President Obama tours the beach at Port Fourchon
with Parish President Charlotte Randolph in May this year
The U.S. government paid an expert $18,000 to assess whether news stories about the Gulf oil spill were positive or negative for the Obama administration, it was revealed today.
And it awarded a $216,625 no-bid contract for a survey of seabirds to an environmental group that has criticised what it calls the ‘extreme anti-conservation record’ of Sarah Palin.
The contracts were among hundreds revealed by The Associated Press as the government provided the first glimpse of federal spending since the disaster in April.
The administration released details of about $134 million in contracts, a fraction of the hundreds of millions of dollars it has spent so far.
The White House is still deciding whether it will bill the British oil giant for spill-related trips by Obama and his wife, Michelle, to the Gulf, including the president’s flights aboard Air Force One, which can cost tens of thousands of dollars each.
The contracts the government has disclosed so far include at least $5.8 million for helicopter services, $3.2 million for hotel rooms, $1.4 million for boat charters, $33,000 for oil-measuring devices aboard ships, $441,621 for cellular and satellite phone services, $25,087 for toilets, $23,217 for laundry services and $109,735 for refrigerators and freezers.
Yet the government’s new contracting data includes errors and vague entries that make it difficult to identify wasteful spending. It spent $52,000 on a boat charter described merely as “marine charter for things,” with no further explanation.
A White House spokesman, Ben LaBolt, declined to comment on the contracts.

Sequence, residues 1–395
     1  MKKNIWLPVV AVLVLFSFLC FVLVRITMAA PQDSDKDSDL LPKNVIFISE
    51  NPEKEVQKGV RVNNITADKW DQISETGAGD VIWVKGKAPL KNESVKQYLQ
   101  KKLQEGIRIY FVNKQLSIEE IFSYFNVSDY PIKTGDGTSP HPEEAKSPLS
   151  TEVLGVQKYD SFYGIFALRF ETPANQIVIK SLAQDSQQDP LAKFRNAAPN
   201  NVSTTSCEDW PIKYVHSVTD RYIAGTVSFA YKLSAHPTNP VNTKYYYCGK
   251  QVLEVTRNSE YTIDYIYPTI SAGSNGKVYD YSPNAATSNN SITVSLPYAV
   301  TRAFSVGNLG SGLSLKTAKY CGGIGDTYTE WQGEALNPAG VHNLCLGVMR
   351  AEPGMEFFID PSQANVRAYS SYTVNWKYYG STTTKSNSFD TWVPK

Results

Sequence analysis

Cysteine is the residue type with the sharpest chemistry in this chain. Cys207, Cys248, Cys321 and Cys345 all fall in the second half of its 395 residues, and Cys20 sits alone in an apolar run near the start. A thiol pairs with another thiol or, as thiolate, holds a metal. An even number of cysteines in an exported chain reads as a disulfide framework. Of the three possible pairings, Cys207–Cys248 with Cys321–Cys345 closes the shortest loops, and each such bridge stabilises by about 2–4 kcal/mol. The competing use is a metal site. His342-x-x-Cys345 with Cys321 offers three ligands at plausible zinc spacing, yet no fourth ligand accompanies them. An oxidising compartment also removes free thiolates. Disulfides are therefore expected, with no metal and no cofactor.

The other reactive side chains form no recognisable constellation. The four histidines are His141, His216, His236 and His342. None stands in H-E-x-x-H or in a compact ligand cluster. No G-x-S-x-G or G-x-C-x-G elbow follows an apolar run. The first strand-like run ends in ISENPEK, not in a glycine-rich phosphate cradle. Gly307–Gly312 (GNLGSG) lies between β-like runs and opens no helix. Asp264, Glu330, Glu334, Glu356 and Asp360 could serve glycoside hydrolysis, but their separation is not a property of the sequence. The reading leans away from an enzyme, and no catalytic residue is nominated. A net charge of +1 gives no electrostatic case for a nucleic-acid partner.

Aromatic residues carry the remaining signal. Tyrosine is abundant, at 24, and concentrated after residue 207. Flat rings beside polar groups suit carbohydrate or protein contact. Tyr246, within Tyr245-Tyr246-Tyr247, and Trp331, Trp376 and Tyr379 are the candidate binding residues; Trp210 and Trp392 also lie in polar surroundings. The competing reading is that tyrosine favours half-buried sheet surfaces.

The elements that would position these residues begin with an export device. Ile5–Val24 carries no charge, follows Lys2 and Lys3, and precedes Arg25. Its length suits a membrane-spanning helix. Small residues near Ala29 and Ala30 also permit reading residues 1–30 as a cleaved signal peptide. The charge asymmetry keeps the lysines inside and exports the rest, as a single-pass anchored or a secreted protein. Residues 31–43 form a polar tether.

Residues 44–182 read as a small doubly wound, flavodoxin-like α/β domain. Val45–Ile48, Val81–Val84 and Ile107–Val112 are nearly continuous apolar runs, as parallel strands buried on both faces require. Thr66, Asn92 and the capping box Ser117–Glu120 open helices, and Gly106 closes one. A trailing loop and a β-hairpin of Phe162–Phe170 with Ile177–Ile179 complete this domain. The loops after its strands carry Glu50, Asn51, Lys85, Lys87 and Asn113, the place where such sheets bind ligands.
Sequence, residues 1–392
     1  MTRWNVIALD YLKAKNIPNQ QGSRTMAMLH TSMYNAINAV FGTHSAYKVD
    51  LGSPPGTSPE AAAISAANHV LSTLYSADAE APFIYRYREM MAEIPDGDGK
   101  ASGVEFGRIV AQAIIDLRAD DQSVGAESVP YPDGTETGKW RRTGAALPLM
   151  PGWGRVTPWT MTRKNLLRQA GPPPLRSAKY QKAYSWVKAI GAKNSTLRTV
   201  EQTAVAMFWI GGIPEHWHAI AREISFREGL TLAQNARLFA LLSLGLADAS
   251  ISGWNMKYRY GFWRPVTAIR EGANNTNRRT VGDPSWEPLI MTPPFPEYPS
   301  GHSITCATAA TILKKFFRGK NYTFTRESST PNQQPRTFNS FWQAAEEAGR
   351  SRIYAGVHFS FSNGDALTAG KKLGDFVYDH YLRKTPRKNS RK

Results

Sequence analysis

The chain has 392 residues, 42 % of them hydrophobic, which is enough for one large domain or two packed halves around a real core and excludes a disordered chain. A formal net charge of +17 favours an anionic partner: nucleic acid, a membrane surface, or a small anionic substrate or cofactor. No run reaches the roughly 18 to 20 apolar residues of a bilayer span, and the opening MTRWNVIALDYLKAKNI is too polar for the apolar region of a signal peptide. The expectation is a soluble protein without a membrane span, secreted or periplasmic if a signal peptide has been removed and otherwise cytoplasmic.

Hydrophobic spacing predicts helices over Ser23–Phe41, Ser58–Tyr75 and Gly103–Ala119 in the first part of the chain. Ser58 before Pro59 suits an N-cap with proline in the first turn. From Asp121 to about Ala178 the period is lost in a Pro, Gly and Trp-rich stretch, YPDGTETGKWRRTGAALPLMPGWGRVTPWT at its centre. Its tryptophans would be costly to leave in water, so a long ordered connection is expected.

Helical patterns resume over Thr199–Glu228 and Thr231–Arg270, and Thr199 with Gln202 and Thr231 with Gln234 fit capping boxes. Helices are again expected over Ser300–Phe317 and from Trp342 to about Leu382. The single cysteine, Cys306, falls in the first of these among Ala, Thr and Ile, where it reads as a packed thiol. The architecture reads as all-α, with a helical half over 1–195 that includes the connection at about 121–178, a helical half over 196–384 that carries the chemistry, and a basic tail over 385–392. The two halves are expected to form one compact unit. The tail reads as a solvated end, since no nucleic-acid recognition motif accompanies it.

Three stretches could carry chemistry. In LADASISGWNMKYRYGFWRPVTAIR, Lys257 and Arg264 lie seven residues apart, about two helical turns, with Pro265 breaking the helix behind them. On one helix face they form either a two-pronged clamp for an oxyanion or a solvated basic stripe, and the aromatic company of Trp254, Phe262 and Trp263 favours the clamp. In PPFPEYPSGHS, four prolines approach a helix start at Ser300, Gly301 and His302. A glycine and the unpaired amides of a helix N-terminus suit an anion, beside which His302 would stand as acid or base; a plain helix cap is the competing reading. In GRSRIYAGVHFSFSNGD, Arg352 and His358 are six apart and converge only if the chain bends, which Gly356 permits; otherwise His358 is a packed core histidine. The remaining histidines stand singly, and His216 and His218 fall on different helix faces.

But critics are likely to focus on the decision to pay $9,000 per month for two months to John Brooks Rice, an on-call worker for the Federal Emergency Management Agency, under a no-bid contract to monitor media coverage from late May through July.
Rice told AP that he compiled print and video news stories and offered his subjective appraisal of the tone of the coverage.
‘From reading and watching the media I would create reports,’ he said. ‘I reported either positive coverage, negative coverage, misinformation coverage.’
The Coast Guard provided the AP with a copy of two of Rice’s printouts of news stories but didn’t respond to a request for copies of his reports rating the tone of news stories. Rice said he had already deleted them.
AP requested copies of all Rice’s reports under the Freedom of Information Act but hasn’t received them.
The Coast Guard expects BP to reimburse the $18,000, Coast Guard spokesman Capt. Ron LaBrec said.
The Coast Guard said it didn’t ask for competitive bids because it urgently needed the work done. In the newly released federal data, the government didn’t disclose Rice’s name, instead misidentifying him as “miscellaneous foreign contractors.”
A BP spokesman could not say whether BP has already reimbursed the government for the media monitoring, videotaping and seabird survey, because bills the government submits do not include enough details for the company to tell which contracts are included.
BP paid the government’s first five bills but sought more information about some items before eventually paying for them, he said.
Those have included a $12.6 million bill from the Navy for ‘skimming and tow vessels,’ a $30,000 Air Force expense for a ‘severe weather safe haven’ and $339,915 for aircraft flight hours, he said.
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